Home Secretary urged to prioritise Seasonal Workers Scheme

Farmers are  reporting that permanent farm jobs that have previously been filled by EU workers are becoming difficult to fill
Farmers are reporting that permanent farm jobs that have previously been filled by EU workers are becoming difficult to fill

Farmers have called on the government to make essential decisions affecting the availability of non-UK labour with urgency.

Writing to Home Secretary Priti Patel, NFU Scotland has underlined the role in food and farming of non-UK nationals in filling seasonal, temporary and permanent positions across all agricultural commodities and ancillary industries.

These include in abattoirs, processing, packing and manufacturing – delivering British produce from field to fork.

The government is currently planning for a no-deal exit from the EU on 31 October and NFU Scotland regards labour availability as an essential tenet of no-deal contingency planning.



On seasonal staff, growers need to put plans in place now and can’t do so without confidence that a vastly expanded Seasonal Agricultural Workers scheme will be in place, it says.

Farmers are also reporting that, increasingly, permanent farm jobs that have previously been filled by EU workers are becoming difficult to fill when workers move on.



In the event of a no deal Brexit, and regardless of whether freedom of movement is agreed, the weakening pound means that EU workers are increasingly likely to go to other parts of the EU than come to the UK.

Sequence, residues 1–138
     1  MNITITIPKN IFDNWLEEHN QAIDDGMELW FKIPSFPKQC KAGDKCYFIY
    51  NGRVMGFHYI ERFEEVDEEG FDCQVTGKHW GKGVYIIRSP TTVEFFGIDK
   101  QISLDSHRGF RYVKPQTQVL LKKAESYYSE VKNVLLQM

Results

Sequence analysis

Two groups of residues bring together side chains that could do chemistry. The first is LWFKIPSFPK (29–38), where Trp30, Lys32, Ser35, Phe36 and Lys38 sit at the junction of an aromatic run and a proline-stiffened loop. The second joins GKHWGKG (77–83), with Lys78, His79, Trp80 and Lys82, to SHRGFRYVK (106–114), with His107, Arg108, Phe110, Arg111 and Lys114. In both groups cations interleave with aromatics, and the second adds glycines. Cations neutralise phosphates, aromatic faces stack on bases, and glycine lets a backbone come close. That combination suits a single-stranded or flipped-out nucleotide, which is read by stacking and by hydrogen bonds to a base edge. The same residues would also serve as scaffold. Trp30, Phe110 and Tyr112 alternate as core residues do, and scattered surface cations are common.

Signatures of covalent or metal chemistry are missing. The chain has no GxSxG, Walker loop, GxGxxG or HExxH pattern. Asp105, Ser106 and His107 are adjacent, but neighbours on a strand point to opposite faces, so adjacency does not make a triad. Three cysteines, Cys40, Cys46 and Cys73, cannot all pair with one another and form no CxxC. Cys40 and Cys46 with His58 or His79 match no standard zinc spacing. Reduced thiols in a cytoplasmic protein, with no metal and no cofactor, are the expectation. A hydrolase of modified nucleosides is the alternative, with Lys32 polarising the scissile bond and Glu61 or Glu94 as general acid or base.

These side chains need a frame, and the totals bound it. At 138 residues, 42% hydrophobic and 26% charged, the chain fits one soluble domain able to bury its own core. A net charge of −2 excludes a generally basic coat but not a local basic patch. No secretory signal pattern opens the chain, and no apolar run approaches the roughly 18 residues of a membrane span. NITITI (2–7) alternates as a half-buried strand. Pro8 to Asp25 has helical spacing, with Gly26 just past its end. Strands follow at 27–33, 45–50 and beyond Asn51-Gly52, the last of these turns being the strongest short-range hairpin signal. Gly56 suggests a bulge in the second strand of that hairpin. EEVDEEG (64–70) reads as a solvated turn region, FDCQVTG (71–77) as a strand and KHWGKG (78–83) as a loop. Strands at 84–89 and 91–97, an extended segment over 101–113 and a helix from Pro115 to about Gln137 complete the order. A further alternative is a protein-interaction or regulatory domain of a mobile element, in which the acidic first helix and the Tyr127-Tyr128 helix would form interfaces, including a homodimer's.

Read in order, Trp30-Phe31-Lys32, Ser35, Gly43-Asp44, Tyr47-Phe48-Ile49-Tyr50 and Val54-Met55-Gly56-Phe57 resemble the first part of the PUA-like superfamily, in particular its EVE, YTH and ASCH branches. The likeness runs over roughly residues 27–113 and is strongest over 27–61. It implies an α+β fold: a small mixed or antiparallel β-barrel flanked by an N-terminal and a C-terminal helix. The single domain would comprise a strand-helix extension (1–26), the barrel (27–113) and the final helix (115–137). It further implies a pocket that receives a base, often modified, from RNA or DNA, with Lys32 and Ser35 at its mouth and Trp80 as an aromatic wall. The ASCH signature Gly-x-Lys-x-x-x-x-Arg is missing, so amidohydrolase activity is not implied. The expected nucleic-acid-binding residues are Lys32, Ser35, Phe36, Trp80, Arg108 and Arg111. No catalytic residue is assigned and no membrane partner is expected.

That means any emergency planning on labour supplies should focus on non-EU countries such as Ukraine and Moldova.

NFU Scotland has asked for an opportunity to discuss its concerns with the Secretary of State soon.

In the letter, President Andrew McCornick writes: “Without non-UK workers the whole agri-food supply chain – farms, processors and hauliers – will be unable to maintain productivity and the current provision of food to UK consumers.

“There is complete reliance of the time-sensitive soft fruit and field vegetable sectors on a non-UK seasonal workforce.

“There is simply no substitute for competent staff, and the UK Government recognised these challenges by setting up the Pilot Seasonal Agricultural Workers Scheme.

Mr McCornick added: “Whilst the Pilot scheme is certainly a step in the right direction, the case is clear that it will not provide nearly enough permits if shortages such as those experienced in 2017 and 2018 arise.



“Far more pressingly, should the Home Office end free movement in the event of a no deal on 31 October 2019 then I implore the government to act with urgency now to ensure up to 80,000 seasonal permits are available for a non-UK workforce to undertake work in the next season,” he said.